What Do I Need To Do To Bring My Plants Indoors?
Step 1: Acclimate
If your plants are outside in the sun, move them to a shaded spot for a couple of weeks before you want to bring them inside. This will help them acclimate to lower light levels.
Step 2: Clean Them Up
Start by washing down your plants and pots with your garden hose. This knocks off the dust, debris, etc. you don’t want to bring inside. It may also dislodge some pests if there are any present on your plants. Be sure to get the entire plant—the top and the bottoms of the leaves.
Step 3: Give Them A Haircut
Change is hard, right? Moving from the bright outdoors to lower light conditions inside shocks a plant. Most plants are rooted in place, so in their natural habitats, they’re not exposed to sudden changes. A lot of common plants react to this shock by dropping leaves. It’s just how they deal with it. But giving them a good trim right away means there are fewer leaves to drop. It also pushes the plant to produce new growth which will be adapted to an indoor environment. Depending on the variety, trim as much as 25 percent of its total growth.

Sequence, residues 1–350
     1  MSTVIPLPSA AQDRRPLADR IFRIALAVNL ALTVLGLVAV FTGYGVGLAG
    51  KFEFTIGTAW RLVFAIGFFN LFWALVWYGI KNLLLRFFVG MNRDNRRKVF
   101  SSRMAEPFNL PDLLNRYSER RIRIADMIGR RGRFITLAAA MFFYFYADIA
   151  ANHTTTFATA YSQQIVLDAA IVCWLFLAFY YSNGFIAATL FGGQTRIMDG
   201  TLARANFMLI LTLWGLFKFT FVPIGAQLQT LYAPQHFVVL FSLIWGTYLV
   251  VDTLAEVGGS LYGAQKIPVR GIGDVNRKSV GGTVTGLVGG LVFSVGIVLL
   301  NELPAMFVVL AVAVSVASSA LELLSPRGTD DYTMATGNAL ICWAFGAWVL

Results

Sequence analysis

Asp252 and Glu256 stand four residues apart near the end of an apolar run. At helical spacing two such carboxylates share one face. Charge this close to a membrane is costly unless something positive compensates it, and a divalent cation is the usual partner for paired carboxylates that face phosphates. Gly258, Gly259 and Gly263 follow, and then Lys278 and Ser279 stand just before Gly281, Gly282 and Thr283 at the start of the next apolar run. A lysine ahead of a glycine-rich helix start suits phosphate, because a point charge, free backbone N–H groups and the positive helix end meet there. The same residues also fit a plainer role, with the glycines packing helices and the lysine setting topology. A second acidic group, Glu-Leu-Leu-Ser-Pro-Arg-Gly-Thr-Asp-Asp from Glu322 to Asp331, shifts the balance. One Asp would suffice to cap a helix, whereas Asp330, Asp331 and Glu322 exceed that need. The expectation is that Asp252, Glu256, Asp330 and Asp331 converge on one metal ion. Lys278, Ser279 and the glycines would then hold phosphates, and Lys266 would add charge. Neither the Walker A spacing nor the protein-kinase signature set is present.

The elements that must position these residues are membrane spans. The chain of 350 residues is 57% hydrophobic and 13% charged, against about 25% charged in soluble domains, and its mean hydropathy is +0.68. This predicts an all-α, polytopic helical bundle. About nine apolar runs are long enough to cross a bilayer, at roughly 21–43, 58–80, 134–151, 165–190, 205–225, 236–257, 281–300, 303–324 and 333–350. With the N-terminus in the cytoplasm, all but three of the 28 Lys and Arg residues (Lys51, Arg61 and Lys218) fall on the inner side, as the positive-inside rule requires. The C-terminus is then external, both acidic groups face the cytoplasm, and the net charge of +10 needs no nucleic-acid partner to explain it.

Step 4: Examine for Pests
Give your plants a thorough examination after you trim them back for signs of pests. Outdoors, beneficial insects usually keep bad bugs under control. But inside, pests can build up populations rapidly. Because most pests like to feed from a plant’s tender young foliage, you may have already dispatched a lot of any pests when you trimmed your plant. If you spot any remaining pests, treat them with insecticidal soap, neem oil, or an insecticide.
Step 5: Bring them Inside
Now your plants are just about ready to come in. Place them in a bright spot, such as within 3 feet of an east- or west-facing window, and keep them watered as needed. Avoid placement near heating vents.